Outlining the feasibility of achieving net-zero on a low-budget, and forecasting the possible resulting neighborhood improvements, this proposal provides a template for how to use sustainable infrastructure to build community, and reinforce identity. Through a hyper-local approach and the consideration of not only the residents but their community and history, a building can become of its place in every meaningful way – its economy, ecology, and culture.
By driving down operational energy demand through building electrification and envelope improvements, the building is able to achieve a 45% energy reduction compared to existing operations. Combined with on-site renewable energy, Eco Terrace will qualify for the upcoming WA Clean Buildings Act threshold. The remaining operational demand can be met with an off- site PV array or community solar investment achieving net-zero energy status.
Furthermore, extending the existing building’s useful life with targeted upgrades and low carbon materials ensures that the original carbon investment is preserved, and total carbon emissions will be significantly fewer than constructing a new building to serve the same purpose while also qualifying for upcoming Seattle Building Performance targets.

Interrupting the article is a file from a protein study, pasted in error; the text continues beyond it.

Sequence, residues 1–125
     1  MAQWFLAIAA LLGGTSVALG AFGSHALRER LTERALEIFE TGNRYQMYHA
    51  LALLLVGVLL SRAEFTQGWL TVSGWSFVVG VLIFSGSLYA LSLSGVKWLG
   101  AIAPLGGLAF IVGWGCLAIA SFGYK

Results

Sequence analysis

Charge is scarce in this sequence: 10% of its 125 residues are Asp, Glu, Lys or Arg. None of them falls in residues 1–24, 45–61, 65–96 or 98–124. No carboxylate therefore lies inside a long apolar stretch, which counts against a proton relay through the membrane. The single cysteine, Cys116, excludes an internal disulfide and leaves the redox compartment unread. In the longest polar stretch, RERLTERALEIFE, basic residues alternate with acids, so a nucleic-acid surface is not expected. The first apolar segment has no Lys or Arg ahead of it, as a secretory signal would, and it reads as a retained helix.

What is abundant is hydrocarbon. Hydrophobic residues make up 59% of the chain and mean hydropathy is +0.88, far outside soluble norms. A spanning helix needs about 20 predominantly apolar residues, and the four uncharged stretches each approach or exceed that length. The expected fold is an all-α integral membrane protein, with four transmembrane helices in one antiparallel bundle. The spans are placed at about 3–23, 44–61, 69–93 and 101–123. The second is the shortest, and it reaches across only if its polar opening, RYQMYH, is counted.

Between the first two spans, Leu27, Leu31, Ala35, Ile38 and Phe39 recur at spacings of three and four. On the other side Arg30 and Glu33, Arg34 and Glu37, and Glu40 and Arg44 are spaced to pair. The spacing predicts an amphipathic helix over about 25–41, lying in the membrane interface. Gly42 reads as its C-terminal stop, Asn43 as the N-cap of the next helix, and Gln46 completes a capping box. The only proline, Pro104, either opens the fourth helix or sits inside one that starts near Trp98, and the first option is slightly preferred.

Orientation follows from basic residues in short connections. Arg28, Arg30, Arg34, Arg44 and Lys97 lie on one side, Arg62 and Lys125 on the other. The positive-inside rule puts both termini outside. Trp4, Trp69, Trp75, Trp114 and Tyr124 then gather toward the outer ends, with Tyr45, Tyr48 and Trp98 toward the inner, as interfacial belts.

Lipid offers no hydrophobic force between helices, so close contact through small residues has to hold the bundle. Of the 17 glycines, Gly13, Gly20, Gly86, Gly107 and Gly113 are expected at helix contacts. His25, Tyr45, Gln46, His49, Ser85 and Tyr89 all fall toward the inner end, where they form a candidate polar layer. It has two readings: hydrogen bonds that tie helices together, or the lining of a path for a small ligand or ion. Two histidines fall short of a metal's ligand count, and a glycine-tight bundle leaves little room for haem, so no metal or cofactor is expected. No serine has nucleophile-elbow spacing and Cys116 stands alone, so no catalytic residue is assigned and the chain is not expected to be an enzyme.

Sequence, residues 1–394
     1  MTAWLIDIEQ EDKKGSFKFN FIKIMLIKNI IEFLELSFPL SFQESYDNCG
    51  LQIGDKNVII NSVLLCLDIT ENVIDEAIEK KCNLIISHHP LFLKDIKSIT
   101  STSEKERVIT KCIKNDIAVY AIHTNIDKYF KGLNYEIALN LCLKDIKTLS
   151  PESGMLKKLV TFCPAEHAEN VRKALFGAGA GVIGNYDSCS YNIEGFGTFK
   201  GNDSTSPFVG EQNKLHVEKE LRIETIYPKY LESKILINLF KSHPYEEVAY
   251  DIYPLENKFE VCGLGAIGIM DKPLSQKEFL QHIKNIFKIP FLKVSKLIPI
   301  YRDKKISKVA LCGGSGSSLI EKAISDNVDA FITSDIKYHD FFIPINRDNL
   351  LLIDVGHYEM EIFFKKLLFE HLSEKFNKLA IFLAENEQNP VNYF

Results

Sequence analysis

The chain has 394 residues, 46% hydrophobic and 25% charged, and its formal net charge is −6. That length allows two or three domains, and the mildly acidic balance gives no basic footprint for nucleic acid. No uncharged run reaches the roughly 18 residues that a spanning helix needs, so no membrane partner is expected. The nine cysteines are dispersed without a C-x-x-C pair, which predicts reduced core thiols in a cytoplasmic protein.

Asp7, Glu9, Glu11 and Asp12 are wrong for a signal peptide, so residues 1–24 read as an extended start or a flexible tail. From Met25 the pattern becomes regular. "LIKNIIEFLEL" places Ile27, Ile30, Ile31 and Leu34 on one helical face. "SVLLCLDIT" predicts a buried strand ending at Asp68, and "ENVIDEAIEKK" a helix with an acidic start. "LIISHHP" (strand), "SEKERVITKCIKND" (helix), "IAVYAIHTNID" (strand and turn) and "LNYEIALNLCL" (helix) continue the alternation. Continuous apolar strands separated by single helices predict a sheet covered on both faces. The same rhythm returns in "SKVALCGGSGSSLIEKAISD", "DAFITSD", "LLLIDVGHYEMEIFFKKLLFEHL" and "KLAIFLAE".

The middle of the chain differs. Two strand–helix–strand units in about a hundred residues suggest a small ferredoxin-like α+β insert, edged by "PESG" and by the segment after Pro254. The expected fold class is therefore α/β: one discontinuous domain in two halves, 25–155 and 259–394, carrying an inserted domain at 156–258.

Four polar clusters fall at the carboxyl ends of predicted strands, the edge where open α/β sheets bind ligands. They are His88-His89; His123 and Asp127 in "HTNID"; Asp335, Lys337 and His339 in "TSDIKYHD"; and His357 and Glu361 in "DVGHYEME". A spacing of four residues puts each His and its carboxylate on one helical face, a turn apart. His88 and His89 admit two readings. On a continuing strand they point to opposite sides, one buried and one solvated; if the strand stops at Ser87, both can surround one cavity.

In addition to achieving high-performance and low emissions goals, the proposed upgrades greatly improve occupant health by addressing air quality, accessibility, and equity concerns within the area. This ensures the current and future residents of International Terrace reap the benefits of these upgrades while also strengthening their community for generations to come.
Extending beyond the building’s footprint, opportunities for neighborhood resource sharing, community garden integration, and improved pedestrian access help to create a safe, healthy, and resilient community. Construction costs can be achieved through a combination of City, State and Federal funding sources allowing International Terrace to become a catalyst for further equitable and sustainable investment within Seattle’s International District and beyond.
© 2023 — The Miller Hull Partnership, LLP